Faso brings Pinoy zest to iconic US venue
LOS ANGELES — The Filipino American Symphony Orchestra (Faso) made its historic debut at the renowned Walt Disney Concert Hall on Saturday night (Sunday in Manila), stirring pride and excitement among the mostly Filipino-American audience.
Performing at the iconic venue — one of the most sophisticated in the world and known for its legendary acoustics —
was pivotal for Faso, the only Filipino symphony orchestra outside the Philippines.
“It was a dream come true,” said Louie Ramos, Faso vice president and one of the show’s arrangers. “It’s the first time Filipino music reverberated within the walls of the concert hall. It brought a strong sense of pride for Filipinos.”
“For many musicians, the ultimate dream is to perform at Carnegie Hall or Lincoln Center for the Performing Arts on the East Coast. Here on the West Coast, it’s the Disney Concert Hall,” said Arlene Ferrolino, Faso board president and a music educator for more than 30 years.
Exuberance to match
The 78-member orchestra, led by accomplished conductor and musical director Robert “Bob” Shroder, and its guests performed with uplifting energy that matched the exuberance of the concert hall’s design and architecture. Architect Frank Gehry’s gleaming masterpiece of curved stainless steel in the heart of downtown Los Angeles, the Walt Disney Concert Hall has become one of the city’s landmarks and premier cultural destinations.
Titled “A Summer Symphony with Faso,” the show dazzled the audience with an eclectic repertoire that included classical masterpieces – “Summer” from the Four Seasons (Antonio Vivaldi) and “Die Fledermaus Overture” (Johan Strauss) – and memorable music from the film “Gladiator” (Hans Zimmer).
Vocalist Sam Morelos enthralled the audience with her soulful performance of “La Vie en rose” (Louis Guglielmi). The Los Angeles Vocal Artists (Lava) and the University of Santo Tomas Alumni Singers performed a stunning rendition of Queen’s “Bohemian Rhapsody” (Freddie Mercury).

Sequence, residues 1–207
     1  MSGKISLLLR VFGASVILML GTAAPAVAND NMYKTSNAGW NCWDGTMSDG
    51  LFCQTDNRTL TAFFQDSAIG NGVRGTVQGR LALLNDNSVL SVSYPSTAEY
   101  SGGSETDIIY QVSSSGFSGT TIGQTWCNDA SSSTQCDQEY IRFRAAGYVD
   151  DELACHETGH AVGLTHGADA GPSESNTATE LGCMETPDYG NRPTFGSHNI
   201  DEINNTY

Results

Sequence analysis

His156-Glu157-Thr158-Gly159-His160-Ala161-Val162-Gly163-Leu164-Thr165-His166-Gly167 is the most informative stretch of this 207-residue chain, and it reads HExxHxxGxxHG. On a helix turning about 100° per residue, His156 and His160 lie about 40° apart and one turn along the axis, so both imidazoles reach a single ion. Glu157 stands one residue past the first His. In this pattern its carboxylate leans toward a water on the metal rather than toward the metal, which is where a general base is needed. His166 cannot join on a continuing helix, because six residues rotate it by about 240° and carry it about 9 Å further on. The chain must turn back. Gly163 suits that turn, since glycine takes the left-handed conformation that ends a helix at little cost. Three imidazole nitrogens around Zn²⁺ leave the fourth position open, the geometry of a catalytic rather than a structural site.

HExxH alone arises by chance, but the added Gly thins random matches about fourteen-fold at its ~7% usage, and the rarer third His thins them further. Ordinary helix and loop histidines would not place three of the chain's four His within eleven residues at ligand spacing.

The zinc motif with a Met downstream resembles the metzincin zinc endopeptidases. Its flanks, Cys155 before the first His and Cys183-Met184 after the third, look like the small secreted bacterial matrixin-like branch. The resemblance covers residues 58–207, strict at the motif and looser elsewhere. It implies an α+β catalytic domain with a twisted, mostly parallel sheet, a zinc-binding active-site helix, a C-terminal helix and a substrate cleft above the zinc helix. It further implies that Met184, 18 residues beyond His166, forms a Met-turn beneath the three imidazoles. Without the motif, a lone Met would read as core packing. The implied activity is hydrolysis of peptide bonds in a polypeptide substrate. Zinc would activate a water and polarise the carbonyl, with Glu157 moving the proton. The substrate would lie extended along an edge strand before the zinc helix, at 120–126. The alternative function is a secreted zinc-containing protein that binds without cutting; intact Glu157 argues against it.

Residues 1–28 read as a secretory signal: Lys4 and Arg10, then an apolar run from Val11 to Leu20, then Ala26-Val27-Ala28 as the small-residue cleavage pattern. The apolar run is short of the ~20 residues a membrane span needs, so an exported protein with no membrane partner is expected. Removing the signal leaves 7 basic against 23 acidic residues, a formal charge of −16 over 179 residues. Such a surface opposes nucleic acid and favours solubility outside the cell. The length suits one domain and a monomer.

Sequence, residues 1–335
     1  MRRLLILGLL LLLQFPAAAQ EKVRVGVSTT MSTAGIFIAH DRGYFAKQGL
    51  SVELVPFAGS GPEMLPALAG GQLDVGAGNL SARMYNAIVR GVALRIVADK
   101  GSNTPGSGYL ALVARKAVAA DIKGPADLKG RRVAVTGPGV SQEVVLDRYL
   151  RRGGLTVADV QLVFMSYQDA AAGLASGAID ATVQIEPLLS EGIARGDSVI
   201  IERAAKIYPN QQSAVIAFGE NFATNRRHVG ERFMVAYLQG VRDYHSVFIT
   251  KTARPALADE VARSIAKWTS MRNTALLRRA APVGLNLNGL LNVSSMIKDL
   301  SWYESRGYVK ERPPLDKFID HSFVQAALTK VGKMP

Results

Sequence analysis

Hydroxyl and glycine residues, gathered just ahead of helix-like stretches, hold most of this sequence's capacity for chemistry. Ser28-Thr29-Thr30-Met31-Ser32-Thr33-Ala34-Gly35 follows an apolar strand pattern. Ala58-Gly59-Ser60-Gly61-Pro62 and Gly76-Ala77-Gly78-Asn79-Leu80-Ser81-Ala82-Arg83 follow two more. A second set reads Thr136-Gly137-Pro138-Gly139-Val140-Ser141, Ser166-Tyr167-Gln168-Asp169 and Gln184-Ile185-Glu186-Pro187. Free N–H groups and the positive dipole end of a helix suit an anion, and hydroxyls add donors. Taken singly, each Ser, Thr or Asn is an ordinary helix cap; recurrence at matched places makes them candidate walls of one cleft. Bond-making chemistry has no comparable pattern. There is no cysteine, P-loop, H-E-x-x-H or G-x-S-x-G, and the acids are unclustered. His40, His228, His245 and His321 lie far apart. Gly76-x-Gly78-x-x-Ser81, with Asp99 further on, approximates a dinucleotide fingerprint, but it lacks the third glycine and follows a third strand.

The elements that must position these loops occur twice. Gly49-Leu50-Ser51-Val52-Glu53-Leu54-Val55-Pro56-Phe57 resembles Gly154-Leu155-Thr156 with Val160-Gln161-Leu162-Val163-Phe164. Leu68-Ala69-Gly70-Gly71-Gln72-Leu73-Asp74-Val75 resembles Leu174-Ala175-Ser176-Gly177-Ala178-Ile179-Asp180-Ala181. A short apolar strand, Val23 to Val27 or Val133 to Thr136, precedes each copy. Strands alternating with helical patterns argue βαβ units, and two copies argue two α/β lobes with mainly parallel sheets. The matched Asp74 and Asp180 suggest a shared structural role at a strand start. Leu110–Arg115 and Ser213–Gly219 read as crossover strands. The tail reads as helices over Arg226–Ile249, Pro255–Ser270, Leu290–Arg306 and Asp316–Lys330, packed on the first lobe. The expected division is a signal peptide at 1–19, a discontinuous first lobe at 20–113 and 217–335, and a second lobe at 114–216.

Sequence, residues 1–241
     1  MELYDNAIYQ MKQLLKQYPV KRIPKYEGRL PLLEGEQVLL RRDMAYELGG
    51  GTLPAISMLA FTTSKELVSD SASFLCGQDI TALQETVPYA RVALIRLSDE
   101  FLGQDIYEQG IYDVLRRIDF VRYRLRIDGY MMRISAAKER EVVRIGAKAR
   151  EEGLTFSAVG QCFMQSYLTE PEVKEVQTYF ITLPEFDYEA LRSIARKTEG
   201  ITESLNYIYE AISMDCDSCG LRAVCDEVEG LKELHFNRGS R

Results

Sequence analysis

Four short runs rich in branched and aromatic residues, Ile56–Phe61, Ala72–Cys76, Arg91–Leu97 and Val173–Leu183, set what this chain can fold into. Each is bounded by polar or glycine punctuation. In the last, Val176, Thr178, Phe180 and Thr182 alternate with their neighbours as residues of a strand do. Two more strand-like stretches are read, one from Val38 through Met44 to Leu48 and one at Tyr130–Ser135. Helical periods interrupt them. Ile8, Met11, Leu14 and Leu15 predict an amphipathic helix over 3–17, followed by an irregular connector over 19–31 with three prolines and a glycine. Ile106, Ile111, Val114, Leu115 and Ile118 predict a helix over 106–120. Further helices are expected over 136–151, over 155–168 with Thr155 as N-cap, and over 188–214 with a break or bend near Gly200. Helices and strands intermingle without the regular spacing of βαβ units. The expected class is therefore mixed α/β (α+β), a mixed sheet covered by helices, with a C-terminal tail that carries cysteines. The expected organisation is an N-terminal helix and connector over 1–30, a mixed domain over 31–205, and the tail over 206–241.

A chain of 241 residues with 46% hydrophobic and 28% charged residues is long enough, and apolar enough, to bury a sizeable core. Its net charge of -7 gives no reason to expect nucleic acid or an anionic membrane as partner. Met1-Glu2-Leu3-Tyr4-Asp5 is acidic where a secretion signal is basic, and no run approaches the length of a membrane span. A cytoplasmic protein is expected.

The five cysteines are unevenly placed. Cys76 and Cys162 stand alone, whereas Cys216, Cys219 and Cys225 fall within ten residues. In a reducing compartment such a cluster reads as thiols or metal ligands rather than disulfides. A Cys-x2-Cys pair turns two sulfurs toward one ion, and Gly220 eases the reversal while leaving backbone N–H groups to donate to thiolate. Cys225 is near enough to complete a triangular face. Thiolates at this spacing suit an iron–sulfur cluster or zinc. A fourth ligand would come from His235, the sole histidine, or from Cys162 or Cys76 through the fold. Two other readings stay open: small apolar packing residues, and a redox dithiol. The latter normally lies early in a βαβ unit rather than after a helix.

The orchestra, composed of several generations of Filipino-Americans, stirred Filipino pride when they performed cherished folk songs, including “Leron, Leron Sinta,” arranged by Saunder Choi, and original Pilipino music, including “Gaano Ko Ikaw Kamahal” (Ernani Cuenco and Levi Celerio) and movie theme songs by George Canseco.
The concert also featured contemporary works of video game music arranged by Ralph Ford, such as pieces from the Video Games Live concert series.
Seven-year-old Brycen Taylor Hall, who topped Faso’s talent auditions for the summer concert, made his major stage performance debut. He sang with his parents, Deedee Magno Hall and Cliffton Hall, both acclaimed talents in such musicals as “Miss Saigon,” “Wicked” and “Next to Normal.”
One of the concert highlights was the medley of Filipino lullabies from various regions in the Philippines, performed by Faso Kids. “These songs are very near and dear to our hearts. We heard our mothers sing these melodies to us and we pass these musical pieces down to our children as we sing the songs to them,” said Ramos, who created the medley.
Ramos also teamed up with Nhick Ramiro Pacis in creating another repertoire of Filipino folk songs performed by the Faso Youth String Ensemble and 14-year-old violinist Erica Delos Santos, Faso’s youngest member.
“We are so proud of these amazing kids,” he said. “Would you believe that none of them had touched a violin before they joined the program less than a year ago?”
Faso, which promotes the rich artistic and cultural traditions of the Philippines, is most proud of its music education and outreach program for children, Shroder said.
“We provide opportunities for children, especially those in underserved communities, to learn about our rich music traditions and develop their musical abilities,” he said. “We offer them a chance to reach their full musical potential and share their talent with their communities.”
The education program inspires the Faso board, led by Ferrolino, to continue dealing with the orchestra’s biggest challenge: funding.
“It makes us proud to see the joy on the faces of the kids and the twinkle in the eye of their parents as they learn and improve their talents in singing or playing an instrument,” said Ferrolino, who has kept the operations running efficiently behind the scenes—from fundraising and applying for grants to marketing and publicity.
The orchestra marked its 10th year in 2018, “and we wanted to start off our second decade with a bang, so here we are,” she said.
Faso board member Ruben Nepales described the historic debut at the Disney Concert Hall as a milestone for the nonprofit led by volunteers “who do it simply for the love of Faso and its mission and vision.”
“We hope it would stay as a long-lasting institution that would serve future generations of Filipino-Americans,” Nepales said.
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